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May 27, 2021

Demilitarising Gaza and reinstating the Palestinian Authority is the only chance for long lasting calm

Like many other civilians all over southern and central Israel, Moshe Loutati, 44, from the Israeli coastal southern city of Ashkelon, hides his eight children under the staircase when the ‘red alert’ sirens sound, because they do not have a “Merkhav Mugan” - a fortified room that will protect them from the heavy rockets bombarding them from the nearby Gaza Strip.

"There is nowhere to run to. The shelter is very far away and neglected and we can't put eight children in a neglected shelter," Loutati told Reuters.

Natnael Sharvit and his family also live under the near-constant threat of rocket attacks launched by Hamas and Islamic Jihad from the Gaza Strip, just 12 miles (19 km) from their home in Ashkelon.

Sharvit told Reuters that he and his family "are in this situation for many years now, almost 20 years. I don't know exactly how long. We don't leave the shelter, playing here, trying to kill time as much as possible and hoping it will be OK."

Sharvit and his family are no more in control of the rockets and missile battles raging over their heads than Palestinian civilians living on the other side of the border barrier that separates north Gaza from southern Israel. All they could do was wait for the leaders of the opposing side to agree on a cease-fire and a return to some form of normality. 

Recent conflict leads to 248 Palestinian and 12 Israeli deaths

Since Hamas launched its rocket attacks on Israel on Monday, 10 May, Gaza medical officials reported that 248 Palestinians have been killed, including 66 children, and more than 1,400 have been wounded. Israeli authorities stated that 12 people have been killed in Israel, including two children.

Let us be clear: one cannot compare the suffering of the Palestinian civilians of Gaza to that of the Israelis. The Israeli army (IDF) artillery and warfare abilities are far more advanced and sophisticated than those of Hamas and Islamic Jihad. The Gaza Strip is also a small and densely populated area that Hamas uses for its military purpose, making it almost impossible to protect civilians from Israeli airstrikes

That said, while the sad and harsh reality of the Palestinian people of Gaza is covered daily by world media, and is amplified by different pro-Palestinian leaders, organisations and activists, the sad story of Israeli citizens is seldom told.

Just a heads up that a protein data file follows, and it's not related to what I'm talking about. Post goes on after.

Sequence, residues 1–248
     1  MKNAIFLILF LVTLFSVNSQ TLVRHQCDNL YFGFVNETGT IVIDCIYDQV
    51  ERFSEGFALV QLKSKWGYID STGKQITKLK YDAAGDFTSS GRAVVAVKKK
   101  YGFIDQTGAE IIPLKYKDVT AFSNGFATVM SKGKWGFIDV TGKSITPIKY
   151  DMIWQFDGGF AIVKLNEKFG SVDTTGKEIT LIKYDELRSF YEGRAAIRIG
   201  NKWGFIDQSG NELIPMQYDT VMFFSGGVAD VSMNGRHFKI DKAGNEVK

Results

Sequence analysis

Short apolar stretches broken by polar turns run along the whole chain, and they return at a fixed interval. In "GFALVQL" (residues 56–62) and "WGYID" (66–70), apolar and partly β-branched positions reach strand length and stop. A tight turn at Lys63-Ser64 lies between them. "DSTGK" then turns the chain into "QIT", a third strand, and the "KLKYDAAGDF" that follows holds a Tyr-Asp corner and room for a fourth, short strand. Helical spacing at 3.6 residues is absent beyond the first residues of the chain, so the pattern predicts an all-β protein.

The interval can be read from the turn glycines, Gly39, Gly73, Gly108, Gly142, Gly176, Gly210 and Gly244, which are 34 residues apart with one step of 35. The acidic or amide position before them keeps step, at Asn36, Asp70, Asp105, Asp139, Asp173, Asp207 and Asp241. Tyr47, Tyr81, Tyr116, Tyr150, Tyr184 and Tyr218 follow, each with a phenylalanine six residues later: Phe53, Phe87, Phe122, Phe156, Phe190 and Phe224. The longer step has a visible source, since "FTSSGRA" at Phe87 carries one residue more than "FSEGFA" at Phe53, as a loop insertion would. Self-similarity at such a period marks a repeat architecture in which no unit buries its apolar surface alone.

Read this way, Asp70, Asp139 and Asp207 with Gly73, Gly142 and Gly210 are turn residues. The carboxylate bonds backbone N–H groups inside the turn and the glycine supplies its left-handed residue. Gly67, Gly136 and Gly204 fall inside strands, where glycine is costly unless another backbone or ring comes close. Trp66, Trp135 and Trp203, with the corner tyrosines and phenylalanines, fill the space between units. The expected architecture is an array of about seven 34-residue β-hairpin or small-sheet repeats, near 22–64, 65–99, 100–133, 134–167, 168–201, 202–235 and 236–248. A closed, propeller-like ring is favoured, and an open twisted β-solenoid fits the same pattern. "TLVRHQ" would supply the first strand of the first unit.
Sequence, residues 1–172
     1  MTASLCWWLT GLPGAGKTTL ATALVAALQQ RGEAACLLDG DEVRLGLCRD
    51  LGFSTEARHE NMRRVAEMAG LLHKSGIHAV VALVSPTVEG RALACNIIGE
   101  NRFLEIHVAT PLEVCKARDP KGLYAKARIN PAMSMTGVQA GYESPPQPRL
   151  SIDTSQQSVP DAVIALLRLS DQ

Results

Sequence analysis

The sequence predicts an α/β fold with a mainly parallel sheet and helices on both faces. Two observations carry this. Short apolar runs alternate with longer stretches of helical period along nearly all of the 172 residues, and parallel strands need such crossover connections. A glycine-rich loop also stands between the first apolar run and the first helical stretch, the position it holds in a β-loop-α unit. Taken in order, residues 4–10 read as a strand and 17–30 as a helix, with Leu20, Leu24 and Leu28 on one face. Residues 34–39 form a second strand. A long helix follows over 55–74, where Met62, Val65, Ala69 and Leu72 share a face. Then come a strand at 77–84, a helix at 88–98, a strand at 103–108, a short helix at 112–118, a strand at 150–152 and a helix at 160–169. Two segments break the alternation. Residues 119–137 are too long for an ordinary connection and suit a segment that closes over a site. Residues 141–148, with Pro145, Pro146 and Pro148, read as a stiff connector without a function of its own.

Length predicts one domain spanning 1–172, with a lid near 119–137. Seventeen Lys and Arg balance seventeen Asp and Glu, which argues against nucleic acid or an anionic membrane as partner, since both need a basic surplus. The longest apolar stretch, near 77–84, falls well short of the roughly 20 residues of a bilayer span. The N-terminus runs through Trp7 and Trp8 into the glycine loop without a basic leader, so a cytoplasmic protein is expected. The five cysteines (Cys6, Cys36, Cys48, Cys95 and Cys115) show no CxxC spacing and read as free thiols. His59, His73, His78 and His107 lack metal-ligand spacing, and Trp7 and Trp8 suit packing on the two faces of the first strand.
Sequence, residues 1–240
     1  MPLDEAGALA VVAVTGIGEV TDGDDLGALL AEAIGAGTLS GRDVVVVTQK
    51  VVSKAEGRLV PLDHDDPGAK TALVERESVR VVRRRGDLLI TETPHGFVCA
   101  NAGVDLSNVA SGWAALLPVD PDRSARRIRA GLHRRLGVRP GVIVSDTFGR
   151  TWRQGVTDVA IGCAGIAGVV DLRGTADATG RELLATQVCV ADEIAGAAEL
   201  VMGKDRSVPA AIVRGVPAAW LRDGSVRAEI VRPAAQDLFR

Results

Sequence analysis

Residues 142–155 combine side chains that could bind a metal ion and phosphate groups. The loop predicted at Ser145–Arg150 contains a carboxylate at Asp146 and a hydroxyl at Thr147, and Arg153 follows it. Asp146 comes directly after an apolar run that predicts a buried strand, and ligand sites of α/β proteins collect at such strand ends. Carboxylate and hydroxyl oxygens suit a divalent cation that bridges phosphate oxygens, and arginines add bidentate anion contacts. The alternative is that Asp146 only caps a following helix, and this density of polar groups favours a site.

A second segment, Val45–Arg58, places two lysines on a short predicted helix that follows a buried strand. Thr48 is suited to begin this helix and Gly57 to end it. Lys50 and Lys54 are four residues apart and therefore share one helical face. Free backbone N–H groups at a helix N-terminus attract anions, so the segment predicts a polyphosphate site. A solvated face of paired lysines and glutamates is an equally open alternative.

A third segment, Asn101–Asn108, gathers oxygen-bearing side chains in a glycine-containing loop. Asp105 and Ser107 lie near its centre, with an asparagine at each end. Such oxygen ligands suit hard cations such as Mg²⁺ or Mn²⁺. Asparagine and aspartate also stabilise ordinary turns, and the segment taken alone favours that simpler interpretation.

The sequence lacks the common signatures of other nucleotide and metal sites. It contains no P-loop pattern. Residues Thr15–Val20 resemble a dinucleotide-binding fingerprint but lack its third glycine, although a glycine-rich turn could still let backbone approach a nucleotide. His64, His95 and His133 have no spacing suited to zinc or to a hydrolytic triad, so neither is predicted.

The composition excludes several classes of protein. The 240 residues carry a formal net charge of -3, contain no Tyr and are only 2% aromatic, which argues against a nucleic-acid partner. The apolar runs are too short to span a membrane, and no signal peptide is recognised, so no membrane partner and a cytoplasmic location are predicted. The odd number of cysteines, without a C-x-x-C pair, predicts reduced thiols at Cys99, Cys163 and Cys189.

West-Bank Occupation tilts global public opinion against Israel

Why is that? While the approach of some western governments, including Germany, the UK and, of course, the US, is relatively supportive towards Israel and “its right to defend itself”, as President Biden recently put it, the overall public opinion in the western world is highly critical of Israel. And, in most cases, rightly so.

The Israeli occupation of the Palestinian Territories and people is profoundly wrong, as is the existence of isolated Israeli settlements on Palestinian lands in the West Bank, populated with religious extremist Jews and protected by the Israeli army. But the Israeli occupation is taking place in the West Bank, which is governed by the Palestinian National Authority under President Mahmoud Abbas of the more secular Fatah Party. 

Palestinians who live in Israel, beyond the 1967 border, face a completely different reality. Other that some 300,000 Palestinians in East Jerusalem who have Israeli residency cards but not full citizenship, almost two million Palestinians live in Israel as citizens with equal civil rights

'apartheid' state?

Do they suffer from racism and discrimination? Yes. But it is still very far from an “apartheid” regime, as some refer to it (Human Rights Watch, in its recent report on the Israeli-Palestinian conflict, referred to the situation there as “apartheid”, a term that has been opposed by a number of scholars, including the left-wing Jewish South-African author and journalist Benjamin Pogrund). 

That said, the frustration and anger of Arab-Israelis in recent weeks has led to some of the worst riots Israel has ever seen, with lynch mobs of both Jewish and Arabic extremists clashing in the streets, bringing the country to the verge of civil war. It is true that Israeli Prime Minister Benjamin Netanyahu and his far-right government have fuelled the hatred and animosity between Jews and Arabs in Israel, but no one anticipated such extreme violence. 

This violence within Israel is posing a greater risk for the stability of the region, but this is the subject for a different article.         

Hamas precludes stability in Gaza

The situation in Gaza, however, is different. President Abbas of the Palestinian National Authority lost the elections there in 2006 and the region has been ruled by the fundamentalist extremist group of Hamas ever since. Israel evicted its remaining forces and settlers from Gaza in the summer of 2005, some 16 years ago.

Hamas has sustained its attacks on Israeli citizens regardless. Therefore, Hamas bears as much responsibilities for the suffering of Gaza’s Palestinian civilians as the Israeli army. 

The only chance for the people of Gaza and south Israel is for the international community to oversee the dismantling of Hamas and demilitarisation of Gaza and support in restoring the Palestinian Authority there.    

Image: Iban Ameztoy (Gaza-Israel border).